Article| Volume 84, ISSUE 3, P543-550, March 2001

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Formulations and Processing of Yogurt Affect the Microbial Quality of Carbonated Yogurt1

  • Y. Karagül-Yüceer
    Department of Food Science and Technology, Mississippi Agricultural and Forestry Experiment Station, Southeast Dairy Foods Research Center, Mississippi State University, Mississippi State 39762
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  • J.C. Wilson
    Department of Food Science and Technology, Mississippi Agricultural and Forestry Experiment Station, Southeast Dairy Foods Research Center, Mississippi State University, Mississippi State 39762
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  • C.H. White
    Corresponding author.
    Department of Food Science and Technology, Mississippi Agricultural and Forestry Experiment Station, Southeast Dairy Foods Research Center, Mississippi State University, Mississippi State 39762
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  • Author Footnotes
    1 Approved for publication as Journal Article Number J9689 of the Mississippi Agricultural and Forestry Experiment Station, Mississippi State University. Research supported and completed as part of the Mississippi Agricultural and Forestry Experiment Station Project Number 3149.
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      Carbonation, flavor, culture type, pH, and storage time were varied to investigate the effects of these variables and their interactions on the growth of both typical and nontypical yogurt cultures and some contaminating bacteria. Two types of yogurt cultures (YC-470 and YC-180) were used as the source of typical yogurt bacteria, Streptococcus thermophilus and Lactobacillus delbrueckii subsp. bulgaricus. In addition, Lactobacillus acidophilus (LA-K) and Bifidobacterium longum ATCC 15707 were added as nontypical yogurt cultures to make sweetened low fat (1%) Swiss-style plain, strawberry, and lemon yogurts. Samples were incubated at 43°C until pH values of 5.0 or 4.2 were reached. Strawberry yogurts at low (4.2) and high (5.0) pHs were divided into three portions, which were separately inoculated with contaminating bacteria, Bacillus licheniformis ATCC 14580, Escherichia coli ATCC 11775, and Listeria monocytogenes Scott A. After incorporation of carbon dioxide (1.10 to 1.27 of CO2 gas dissolved in water), the yogurt was stored at 4°C for a 90-d period. Carbon dioxide did not affect the growth of typical or nontypical yogurt bacteria. Also, CO2 did not inhibit the growth of undesirable microorganisms. In general, low levels of CO2 did not affect the bacterial population in yogurt. The microflora of yogurt were influenced by culture type, pH, flavor type, and storage time or their interactions.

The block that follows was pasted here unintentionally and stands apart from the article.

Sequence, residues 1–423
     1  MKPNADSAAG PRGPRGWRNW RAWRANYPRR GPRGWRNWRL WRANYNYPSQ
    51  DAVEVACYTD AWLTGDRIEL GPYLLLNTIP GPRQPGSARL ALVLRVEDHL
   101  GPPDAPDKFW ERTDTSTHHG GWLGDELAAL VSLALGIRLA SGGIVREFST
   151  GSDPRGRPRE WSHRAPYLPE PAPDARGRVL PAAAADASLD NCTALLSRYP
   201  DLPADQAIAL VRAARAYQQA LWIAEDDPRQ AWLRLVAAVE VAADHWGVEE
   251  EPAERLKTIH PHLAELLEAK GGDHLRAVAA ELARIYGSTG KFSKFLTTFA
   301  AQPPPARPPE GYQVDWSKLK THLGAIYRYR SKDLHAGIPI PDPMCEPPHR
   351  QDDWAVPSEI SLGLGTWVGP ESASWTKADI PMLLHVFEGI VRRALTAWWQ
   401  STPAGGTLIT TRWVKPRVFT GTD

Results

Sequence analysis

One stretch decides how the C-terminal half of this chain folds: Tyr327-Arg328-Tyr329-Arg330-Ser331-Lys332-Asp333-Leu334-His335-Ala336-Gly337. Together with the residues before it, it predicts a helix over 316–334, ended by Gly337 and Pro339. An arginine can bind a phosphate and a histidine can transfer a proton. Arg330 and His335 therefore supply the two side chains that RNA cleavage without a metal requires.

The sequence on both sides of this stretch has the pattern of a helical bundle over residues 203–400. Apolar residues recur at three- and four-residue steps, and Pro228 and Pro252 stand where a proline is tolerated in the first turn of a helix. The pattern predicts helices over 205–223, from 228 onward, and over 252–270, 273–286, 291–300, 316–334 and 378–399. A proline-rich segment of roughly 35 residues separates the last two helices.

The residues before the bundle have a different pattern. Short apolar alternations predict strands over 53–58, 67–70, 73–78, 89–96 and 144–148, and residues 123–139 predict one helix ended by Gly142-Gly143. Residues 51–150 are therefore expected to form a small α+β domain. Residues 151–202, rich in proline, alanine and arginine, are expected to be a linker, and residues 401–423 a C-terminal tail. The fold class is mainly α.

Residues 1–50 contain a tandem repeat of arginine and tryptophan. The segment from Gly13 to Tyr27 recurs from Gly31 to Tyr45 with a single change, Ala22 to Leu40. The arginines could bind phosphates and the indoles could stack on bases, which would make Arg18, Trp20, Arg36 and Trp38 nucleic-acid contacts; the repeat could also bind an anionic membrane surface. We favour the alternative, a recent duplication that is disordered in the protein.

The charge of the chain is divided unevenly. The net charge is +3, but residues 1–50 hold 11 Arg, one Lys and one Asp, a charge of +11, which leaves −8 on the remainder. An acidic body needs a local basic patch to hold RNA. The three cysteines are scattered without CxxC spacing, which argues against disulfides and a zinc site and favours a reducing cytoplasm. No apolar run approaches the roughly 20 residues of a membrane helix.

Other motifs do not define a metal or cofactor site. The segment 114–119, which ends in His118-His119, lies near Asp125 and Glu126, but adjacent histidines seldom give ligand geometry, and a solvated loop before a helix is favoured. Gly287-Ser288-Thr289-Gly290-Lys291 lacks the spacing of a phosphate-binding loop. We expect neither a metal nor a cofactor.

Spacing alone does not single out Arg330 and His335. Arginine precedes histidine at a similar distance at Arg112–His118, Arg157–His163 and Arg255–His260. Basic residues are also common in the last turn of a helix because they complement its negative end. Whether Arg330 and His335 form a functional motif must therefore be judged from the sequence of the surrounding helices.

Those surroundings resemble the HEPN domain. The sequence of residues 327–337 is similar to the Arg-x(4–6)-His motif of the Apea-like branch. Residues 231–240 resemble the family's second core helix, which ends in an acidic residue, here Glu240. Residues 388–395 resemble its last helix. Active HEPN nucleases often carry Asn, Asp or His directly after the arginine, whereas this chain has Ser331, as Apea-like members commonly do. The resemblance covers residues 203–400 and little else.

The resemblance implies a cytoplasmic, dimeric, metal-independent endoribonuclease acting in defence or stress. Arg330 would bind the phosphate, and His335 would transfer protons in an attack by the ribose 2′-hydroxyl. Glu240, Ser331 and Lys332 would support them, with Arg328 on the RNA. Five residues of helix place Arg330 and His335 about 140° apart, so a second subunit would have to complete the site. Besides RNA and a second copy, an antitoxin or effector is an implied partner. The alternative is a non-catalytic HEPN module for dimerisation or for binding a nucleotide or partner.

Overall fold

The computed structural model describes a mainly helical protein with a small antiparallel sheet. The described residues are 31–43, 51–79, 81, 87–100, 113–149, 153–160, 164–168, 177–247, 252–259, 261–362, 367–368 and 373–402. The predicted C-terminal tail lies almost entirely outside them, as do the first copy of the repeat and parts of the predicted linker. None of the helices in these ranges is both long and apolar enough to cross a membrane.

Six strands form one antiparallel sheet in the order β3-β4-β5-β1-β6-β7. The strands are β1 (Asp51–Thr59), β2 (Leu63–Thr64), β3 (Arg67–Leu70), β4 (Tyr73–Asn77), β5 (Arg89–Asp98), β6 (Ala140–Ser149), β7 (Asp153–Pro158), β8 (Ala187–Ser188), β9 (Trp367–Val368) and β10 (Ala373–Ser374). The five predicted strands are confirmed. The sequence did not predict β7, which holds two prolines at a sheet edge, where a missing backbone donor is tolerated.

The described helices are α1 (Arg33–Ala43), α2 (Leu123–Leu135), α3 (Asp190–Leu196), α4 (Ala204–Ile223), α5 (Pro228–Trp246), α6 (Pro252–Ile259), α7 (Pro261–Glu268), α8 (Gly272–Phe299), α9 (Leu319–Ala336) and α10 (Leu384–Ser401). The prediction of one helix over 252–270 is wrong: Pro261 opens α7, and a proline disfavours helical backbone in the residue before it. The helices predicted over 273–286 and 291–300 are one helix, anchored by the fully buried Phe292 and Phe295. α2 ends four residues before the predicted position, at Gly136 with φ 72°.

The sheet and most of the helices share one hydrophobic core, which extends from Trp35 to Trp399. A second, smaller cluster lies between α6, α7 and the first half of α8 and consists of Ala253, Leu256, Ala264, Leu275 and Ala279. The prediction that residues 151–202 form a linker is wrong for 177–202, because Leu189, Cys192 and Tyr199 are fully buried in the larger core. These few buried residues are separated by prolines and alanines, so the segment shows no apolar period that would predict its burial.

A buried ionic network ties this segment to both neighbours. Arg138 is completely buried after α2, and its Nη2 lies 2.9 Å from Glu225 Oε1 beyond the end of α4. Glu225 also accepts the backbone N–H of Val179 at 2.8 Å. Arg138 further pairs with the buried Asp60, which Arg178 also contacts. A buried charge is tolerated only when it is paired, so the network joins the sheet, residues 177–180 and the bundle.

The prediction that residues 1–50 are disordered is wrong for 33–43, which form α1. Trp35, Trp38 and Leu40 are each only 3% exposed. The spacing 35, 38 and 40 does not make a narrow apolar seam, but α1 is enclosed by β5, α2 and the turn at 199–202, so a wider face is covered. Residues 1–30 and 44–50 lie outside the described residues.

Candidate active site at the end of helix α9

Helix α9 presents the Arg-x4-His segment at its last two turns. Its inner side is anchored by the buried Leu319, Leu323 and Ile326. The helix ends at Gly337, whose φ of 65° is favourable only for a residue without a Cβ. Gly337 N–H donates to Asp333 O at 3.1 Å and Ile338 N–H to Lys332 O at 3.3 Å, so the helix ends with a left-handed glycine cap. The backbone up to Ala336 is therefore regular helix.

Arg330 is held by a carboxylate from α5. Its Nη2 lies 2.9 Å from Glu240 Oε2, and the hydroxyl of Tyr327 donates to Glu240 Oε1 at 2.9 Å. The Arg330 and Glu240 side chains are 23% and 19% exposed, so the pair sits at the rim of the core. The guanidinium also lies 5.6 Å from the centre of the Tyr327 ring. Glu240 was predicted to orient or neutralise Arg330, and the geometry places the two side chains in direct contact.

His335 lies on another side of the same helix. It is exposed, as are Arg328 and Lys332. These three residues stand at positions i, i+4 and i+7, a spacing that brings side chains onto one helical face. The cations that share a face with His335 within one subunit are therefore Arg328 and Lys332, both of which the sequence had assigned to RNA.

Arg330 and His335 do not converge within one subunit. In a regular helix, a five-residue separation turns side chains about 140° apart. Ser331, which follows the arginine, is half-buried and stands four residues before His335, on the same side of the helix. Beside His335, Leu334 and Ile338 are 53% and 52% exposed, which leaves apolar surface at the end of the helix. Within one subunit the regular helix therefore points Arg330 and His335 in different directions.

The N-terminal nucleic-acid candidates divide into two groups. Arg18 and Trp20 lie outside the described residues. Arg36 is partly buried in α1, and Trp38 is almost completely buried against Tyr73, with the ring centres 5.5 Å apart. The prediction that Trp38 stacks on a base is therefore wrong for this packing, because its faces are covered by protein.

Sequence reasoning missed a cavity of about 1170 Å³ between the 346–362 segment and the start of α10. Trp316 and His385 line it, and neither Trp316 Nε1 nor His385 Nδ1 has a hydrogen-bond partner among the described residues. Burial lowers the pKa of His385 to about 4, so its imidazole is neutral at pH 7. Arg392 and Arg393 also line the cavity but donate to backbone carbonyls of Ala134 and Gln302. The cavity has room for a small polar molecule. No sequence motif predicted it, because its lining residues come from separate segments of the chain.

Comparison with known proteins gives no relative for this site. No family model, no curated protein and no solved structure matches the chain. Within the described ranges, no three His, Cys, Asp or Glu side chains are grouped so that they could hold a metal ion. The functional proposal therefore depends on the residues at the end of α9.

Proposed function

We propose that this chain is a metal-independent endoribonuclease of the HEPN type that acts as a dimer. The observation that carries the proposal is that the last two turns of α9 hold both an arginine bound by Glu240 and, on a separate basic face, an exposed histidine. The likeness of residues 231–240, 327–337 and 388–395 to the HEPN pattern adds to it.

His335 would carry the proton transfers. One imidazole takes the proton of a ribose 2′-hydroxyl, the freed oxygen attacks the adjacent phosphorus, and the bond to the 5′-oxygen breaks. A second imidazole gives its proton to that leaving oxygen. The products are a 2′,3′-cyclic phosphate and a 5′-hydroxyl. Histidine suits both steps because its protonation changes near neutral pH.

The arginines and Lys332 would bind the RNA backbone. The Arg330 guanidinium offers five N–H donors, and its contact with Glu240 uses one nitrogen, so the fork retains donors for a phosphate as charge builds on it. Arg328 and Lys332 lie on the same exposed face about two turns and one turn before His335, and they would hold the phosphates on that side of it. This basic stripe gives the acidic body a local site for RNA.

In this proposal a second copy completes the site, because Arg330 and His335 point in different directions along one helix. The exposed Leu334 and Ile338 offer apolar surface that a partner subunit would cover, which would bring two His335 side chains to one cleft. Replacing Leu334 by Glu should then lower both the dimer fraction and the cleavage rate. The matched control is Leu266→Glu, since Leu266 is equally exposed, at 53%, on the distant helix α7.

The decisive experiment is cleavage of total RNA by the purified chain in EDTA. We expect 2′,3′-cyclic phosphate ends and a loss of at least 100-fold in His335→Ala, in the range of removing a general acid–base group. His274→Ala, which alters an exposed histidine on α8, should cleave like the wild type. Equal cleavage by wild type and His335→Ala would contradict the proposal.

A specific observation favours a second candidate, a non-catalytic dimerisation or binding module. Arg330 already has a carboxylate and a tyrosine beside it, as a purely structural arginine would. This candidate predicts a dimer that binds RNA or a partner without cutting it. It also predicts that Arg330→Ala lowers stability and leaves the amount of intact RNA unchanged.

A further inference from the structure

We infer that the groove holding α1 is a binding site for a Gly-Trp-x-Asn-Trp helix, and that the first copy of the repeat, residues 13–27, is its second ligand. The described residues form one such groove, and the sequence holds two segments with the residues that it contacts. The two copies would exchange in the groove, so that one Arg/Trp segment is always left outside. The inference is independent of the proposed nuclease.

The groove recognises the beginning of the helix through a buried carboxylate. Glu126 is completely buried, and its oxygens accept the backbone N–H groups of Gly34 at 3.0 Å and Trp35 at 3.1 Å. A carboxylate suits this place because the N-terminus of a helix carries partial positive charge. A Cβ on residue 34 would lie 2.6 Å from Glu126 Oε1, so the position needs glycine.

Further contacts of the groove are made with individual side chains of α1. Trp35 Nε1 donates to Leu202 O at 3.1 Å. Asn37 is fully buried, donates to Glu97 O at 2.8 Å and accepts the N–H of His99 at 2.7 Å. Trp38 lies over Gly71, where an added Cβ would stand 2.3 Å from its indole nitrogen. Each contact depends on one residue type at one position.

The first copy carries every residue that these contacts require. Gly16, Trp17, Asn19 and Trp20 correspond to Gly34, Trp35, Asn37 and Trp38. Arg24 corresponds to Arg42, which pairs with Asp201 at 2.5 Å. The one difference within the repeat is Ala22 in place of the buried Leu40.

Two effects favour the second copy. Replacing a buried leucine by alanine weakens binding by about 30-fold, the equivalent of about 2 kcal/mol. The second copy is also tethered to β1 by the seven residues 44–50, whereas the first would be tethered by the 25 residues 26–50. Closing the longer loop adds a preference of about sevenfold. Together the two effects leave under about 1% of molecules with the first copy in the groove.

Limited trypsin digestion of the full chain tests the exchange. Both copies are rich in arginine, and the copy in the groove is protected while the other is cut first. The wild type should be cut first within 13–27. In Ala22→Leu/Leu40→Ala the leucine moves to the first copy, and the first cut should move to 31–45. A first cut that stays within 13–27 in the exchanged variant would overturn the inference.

Key words

      Abbreviation key:

      NPNL (neomycin-paromomycinnalidixic acid-lithium chloride)


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